Over the past few weeks I’ve been thinking about, and continue to think about, book design. What are the elements of a good photobook? I have lots of photobooks to look at and I continue to work through them identifying the elements that work and don’t seem to work.
Chapa has a number of interesting things to say about his philosophy of designing books. The most pertinent for me was his assertion that you shouldn’t see the design. If the book is well designed you just see the images. You don’t see the design, you don’t notice the quality, you just see and remember the images. It’s all in support of the content. Check out the video below for more about how Arturo Chapa thinks about book design and manages the process of getting the book printed to the standard that he demands.
Ever wonder how the camera manufacturers clean sensors? I have. Skip to min 13:20 in this video to take a look at what the Leica folks use.
My method for cleaning my gear has largely been informed by what I was taught by Moose Peterson in his DLWS workshops.
The simple process that I was following until very recently was to:
use the camera’s self cleaning system, which sometimes actually works(!)
use a blower to get rid biggish loose bits of dust
use a brush such as the Arctic butterfly to remove what wasn’t removed by the blower
If I decided that there were just too many dust spots remaining after a couple of passes with the brush I would then go ahead with ‘wet cleaning’. I used to think that wet cleaning was ‘one pass and your done’ but with practice I realize that it’s not unusual to need 3 or 4 passes with the sensor swabs to get the sensor clean. Occasionally, as was the case on a recent trip, during the initial wet cleaning I manage to drag oil from around the sensor on to the sensor itself and then have to do an even more rigorous cleaning. Visible Dust have a couple of different solvents for wet cleaning that I use. I generally start with VDust plus and then go to Smear Away if I need to.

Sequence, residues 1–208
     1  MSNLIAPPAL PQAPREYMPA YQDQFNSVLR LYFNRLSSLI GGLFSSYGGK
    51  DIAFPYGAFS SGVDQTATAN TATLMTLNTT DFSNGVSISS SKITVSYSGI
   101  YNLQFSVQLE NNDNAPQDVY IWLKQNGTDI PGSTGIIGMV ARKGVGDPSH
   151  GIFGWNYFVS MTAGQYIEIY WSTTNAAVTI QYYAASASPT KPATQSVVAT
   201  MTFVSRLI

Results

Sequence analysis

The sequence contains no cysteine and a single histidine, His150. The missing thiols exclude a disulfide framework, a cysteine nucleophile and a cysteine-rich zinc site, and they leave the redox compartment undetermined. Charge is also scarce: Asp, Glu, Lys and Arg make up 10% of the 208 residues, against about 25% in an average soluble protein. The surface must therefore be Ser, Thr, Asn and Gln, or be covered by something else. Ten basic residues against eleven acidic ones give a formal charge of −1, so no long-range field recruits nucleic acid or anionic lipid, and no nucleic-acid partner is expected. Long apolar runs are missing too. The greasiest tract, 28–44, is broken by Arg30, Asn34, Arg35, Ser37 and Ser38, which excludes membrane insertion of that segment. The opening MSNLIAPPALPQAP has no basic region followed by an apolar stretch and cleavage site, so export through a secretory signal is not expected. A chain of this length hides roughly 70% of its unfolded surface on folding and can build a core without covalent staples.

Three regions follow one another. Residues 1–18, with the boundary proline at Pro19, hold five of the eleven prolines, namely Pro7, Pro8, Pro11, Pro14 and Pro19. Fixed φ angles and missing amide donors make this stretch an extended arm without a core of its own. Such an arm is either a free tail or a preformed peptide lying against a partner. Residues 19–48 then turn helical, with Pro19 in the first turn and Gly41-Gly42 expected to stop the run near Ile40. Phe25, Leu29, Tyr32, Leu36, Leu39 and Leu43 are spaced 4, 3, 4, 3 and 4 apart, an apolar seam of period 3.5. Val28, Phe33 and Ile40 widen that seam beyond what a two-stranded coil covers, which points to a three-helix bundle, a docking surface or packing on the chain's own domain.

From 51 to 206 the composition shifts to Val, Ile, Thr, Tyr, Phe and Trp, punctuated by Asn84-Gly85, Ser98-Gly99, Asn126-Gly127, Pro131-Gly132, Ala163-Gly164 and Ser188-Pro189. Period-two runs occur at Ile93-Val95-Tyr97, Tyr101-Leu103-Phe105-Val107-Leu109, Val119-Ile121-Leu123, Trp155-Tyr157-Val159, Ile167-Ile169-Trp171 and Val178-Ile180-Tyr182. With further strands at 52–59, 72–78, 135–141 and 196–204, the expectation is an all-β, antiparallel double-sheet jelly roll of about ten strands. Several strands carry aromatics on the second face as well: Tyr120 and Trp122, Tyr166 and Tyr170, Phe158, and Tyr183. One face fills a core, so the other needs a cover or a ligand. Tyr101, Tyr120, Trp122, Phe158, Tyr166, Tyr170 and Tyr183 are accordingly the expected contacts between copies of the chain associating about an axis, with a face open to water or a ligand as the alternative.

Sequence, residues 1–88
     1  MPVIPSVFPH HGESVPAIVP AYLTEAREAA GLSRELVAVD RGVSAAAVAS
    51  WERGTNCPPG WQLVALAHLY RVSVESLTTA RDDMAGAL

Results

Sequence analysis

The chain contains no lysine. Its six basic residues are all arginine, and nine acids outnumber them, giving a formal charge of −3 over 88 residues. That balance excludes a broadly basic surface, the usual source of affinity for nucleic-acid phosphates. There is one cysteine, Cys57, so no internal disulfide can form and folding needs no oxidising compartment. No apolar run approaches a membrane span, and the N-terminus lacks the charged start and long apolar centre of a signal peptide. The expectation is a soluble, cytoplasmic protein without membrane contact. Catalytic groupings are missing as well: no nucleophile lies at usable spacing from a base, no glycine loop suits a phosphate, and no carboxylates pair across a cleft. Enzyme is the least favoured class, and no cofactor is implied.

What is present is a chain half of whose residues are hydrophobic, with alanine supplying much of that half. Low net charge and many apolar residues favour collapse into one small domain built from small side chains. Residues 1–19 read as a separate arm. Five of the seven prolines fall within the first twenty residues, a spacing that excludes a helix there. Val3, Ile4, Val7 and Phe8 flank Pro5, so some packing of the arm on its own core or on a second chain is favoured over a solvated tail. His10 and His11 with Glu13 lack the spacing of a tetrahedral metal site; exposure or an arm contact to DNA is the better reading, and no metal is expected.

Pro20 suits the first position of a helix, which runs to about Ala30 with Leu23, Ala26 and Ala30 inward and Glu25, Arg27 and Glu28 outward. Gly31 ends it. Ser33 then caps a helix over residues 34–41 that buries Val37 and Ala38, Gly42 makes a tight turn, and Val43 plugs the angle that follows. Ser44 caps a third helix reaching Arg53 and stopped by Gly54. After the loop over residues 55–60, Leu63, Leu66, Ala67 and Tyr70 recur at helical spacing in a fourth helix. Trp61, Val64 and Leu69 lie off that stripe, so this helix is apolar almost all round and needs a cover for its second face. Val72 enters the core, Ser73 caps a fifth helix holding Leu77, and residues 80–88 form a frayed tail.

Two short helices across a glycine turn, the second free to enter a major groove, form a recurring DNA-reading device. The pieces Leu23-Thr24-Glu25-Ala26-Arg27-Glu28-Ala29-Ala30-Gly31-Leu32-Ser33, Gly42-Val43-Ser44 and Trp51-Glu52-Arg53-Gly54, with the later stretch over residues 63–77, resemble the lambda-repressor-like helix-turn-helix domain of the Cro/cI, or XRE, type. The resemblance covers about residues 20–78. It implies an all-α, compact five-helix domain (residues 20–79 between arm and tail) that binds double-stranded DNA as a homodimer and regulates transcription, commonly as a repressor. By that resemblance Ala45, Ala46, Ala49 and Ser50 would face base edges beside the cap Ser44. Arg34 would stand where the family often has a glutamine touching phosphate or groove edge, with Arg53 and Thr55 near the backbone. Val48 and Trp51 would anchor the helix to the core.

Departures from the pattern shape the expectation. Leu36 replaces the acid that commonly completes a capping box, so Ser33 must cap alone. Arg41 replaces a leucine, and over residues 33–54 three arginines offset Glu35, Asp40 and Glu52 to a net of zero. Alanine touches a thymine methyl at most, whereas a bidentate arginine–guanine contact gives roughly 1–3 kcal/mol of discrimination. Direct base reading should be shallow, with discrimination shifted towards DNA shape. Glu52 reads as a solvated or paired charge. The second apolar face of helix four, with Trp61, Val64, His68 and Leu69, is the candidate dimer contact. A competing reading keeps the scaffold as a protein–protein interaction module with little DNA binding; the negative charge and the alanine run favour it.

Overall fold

As an aside, Visible Dust products are expensive and with the need for multiple passes for wet cleaning it’s easy to blow $20 or more in a single cleaning session. That can be a real pain in the wallet if you need to clean your sensor at the end of every day or before every shoot. Because of this many people are switching to Copper Hill products which offer a cheaper option for swabs that involves making up the swab yourself. I tried their products way back when and was never satisfied with how the swab went together. In this video from Moose it looks like Copper Hill redesigned the handle and now the swabs are easier to assemble.
So what’s changed with my process? I’m now incorporating the sensor gel stick that you saw in the Leica video above into my ‘dry’ cleaning method. While I could probably skip the arctic butterfly, and probably will, as I get more comfortable with the sticky pad I’m still using the brush prior to using the . Moose mentions that he didn’t get a year out of his sensor gel stick, so that’s something to keep in mind.